THRIVE's Recruiting & Hiring Blog

What makes your organization stand out to a job candidate?

Stand OutTimes have changed - recruiting and hiring is now a two-way street. Organizations are looking for engaged team members, and people are looking for engaging cultures. Because candidates have options, employers must stand out. They must treat candidates like customers and determine what will provide a positive experience.

The best way for you to stand out: YOUR CULTURE!

Job postings should offer a look at your culture and what it would be like to work for your organization. Display your mission, vision, purpose and values. Provide team member testimonials.

Give candidates a tour and introduce them to some of the team members they would be working with. Let them talk and ask those team members questions.

Building trust with candidates promotes positive emotions. Inspiring positive emotions during the hiring process broadens the mind and makes people more open to possibilities. When people are weighing different options, they are using logic and emotions. Building trust helps you appeal to both. If people don't feel trust as a job candidate, they know that probably won't change after being hired.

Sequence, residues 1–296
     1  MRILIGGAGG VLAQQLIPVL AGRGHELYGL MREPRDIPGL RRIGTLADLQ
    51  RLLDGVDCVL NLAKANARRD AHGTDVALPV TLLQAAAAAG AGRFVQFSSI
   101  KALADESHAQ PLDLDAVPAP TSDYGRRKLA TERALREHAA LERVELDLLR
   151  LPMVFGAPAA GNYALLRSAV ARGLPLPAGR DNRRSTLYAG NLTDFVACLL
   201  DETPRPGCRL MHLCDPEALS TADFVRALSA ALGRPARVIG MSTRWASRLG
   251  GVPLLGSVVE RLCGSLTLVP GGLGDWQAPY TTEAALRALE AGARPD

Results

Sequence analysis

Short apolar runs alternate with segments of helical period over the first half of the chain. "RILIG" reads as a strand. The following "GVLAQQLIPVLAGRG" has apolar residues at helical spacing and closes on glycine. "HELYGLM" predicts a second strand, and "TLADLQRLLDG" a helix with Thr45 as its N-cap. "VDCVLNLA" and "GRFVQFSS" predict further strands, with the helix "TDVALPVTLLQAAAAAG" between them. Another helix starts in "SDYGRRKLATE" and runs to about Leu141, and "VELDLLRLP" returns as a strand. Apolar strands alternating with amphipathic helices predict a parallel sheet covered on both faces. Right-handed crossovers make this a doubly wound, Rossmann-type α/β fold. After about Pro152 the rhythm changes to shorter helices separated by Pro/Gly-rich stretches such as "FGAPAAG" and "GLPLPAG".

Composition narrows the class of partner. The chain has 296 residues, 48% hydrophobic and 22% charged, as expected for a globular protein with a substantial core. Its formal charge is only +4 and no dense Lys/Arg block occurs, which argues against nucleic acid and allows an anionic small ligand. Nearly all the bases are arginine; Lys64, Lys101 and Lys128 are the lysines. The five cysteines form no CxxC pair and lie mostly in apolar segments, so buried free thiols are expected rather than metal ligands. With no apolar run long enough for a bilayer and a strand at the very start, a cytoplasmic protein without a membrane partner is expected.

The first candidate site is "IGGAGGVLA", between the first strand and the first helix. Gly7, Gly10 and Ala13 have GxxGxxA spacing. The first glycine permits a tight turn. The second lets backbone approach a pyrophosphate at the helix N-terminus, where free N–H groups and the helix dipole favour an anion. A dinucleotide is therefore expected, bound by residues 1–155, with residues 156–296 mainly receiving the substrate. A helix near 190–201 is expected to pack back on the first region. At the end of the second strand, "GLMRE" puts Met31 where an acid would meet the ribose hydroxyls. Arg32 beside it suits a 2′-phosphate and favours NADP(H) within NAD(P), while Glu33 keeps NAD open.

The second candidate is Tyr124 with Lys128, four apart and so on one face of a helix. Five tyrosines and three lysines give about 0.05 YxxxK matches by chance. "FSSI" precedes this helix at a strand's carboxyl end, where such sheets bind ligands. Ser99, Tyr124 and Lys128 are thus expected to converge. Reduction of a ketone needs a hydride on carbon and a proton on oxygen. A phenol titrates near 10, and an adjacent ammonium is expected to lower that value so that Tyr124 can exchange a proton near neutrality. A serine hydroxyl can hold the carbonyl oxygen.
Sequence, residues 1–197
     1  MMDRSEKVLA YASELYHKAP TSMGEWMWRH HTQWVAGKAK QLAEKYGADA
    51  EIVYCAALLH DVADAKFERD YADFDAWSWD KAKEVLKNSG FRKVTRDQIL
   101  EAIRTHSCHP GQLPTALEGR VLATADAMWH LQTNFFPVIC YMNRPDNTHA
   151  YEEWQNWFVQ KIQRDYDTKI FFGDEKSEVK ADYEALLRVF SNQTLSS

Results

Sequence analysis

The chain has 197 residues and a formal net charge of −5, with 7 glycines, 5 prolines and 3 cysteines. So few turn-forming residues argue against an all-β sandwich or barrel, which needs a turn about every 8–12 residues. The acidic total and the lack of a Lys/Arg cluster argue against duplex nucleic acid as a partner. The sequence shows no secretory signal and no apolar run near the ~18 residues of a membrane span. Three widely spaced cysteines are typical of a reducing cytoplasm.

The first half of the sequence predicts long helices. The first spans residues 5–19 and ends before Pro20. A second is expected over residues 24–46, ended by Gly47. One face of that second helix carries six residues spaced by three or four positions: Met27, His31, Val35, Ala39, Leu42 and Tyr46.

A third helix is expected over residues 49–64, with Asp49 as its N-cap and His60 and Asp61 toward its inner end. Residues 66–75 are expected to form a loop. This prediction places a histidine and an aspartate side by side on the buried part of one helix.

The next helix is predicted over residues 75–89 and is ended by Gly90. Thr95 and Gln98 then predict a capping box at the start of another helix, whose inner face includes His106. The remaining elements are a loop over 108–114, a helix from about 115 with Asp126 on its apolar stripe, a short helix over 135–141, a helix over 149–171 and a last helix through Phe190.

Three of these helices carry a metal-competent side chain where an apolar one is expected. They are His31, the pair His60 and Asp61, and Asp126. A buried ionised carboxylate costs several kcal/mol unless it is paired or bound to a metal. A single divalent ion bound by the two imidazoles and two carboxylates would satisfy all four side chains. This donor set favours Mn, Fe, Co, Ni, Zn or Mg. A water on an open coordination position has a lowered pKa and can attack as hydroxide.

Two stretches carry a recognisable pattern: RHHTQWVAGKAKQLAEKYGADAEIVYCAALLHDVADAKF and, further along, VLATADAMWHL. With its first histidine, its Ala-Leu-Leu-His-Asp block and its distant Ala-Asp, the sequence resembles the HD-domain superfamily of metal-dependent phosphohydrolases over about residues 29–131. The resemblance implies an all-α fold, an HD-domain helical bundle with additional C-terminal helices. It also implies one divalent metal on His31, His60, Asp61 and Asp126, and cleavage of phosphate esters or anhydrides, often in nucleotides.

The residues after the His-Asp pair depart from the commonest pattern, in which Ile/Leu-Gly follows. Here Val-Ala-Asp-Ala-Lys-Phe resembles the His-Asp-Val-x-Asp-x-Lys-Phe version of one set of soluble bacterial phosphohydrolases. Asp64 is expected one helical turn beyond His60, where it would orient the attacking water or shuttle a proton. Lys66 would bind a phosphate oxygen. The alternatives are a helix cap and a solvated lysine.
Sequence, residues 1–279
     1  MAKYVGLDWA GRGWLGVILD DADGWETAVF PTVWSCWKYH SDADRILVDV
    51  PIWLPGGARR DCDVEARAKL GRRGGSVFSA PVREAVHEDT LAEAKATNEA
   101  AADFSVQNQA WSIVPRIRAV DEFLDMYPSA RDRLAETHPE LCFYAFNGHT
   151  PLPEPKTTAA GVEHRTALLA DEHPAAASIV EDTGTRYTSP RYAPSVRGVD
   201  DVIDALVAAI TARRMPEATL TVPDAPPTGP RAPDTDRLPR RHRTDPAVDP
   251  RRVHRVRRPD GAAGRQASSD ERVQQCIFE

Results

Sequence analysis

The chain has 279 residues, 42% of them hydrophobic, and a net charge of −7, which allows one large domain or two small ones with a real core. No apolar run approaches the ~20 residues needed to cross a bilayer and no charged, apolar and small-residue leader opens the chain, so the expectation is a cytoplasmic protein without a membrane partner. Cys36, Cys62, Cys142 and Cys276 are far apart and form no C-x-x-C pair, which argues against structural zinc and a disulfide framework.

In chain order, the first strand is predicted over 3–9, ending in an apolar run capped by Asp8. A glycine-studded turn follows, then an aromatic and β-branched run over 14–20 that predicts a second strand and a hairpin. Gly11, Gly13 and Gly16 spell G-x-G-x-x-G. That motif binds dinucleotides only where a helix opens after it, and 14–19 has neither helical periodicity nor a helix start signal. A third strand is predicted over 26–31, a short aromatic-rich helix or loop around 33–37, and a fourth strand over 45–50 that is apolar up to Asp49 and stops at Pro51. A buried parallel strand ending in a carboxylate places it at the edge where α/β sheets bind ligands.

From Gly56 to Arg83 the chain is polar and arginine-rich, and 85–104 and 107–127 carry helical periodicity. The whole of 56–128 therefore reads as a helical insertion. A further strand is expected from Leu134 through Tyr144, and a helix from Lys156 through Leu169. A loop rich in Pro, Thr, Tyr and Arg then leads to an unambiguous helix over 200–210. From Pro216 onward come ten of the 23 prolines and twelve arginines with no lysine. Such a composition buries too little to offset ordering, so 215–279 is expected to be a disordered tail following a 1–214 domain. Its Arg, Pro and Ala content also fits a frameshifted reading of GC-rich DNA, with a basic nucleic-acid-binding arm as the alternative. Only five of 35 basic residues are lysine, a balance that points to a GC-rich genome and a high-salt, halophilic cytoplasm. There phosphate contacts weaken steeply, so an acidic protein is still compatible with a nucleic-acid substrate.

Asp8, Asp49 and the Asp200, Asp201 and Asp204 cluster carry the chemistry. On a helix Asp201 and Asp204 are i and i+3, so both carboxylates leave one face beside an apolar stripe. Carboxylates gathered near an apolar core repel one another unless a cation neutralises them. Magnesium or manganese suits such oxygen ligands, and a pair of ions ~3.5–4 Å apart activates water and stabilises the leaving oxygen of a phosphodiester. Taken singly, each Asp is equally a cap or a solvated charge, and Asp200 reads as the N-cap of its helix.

Be prepared to answer questions about your culture and highlight your cultural strengths. For example, show them how team members are encouraged to offer ideas for improvements and how some of those ideas have been implemented. Candidates will be comparing you to other employers - your culture is what will make you stand out from the rest.

 

 

Are you pro-active or reactive in your pursuit for talent?

Guest Contributor: Jana Stadtmueller, Human Resources Professional

The new hires brought into your organization are going to influence the daily work life of your team, make an impact on your customers, and may affect your company's reputation. Are you waiting until there is an urgent hiring need and desperately seeking people who are competent? Or, are you continually pursuing great talent that will enrich your team? And, are you continually re-recruiting your current team members to promote engagement and retention?
Recalibrate

Are leaders and H.R. working together as a team in the recruiting process?
From time to time, recalibrate - align goals, values and processes as they relate to recruitment and retention. Verify that the right people will be involved in evaluating/interviewing candidates. Ensure that communication channels are open, everyone involved understands exactly what is required for open positions, and job descriptions accurately convey details about those positions.

How are potential candidates treated?
The recruiting process is about more than finding great people. It is an opportunity to position your organization as a top employer. If people aren't treated with courtesy and respect during recruiting and hiring, they will see that as a sign of how they will be treated as a team member. Many people applying for jobs never even receive a confirmation that their application/resume has been received. Consistent communication and feedback is crucial. Those extra few days that it took for you to get back to that great candidate will often mean losing them to another company.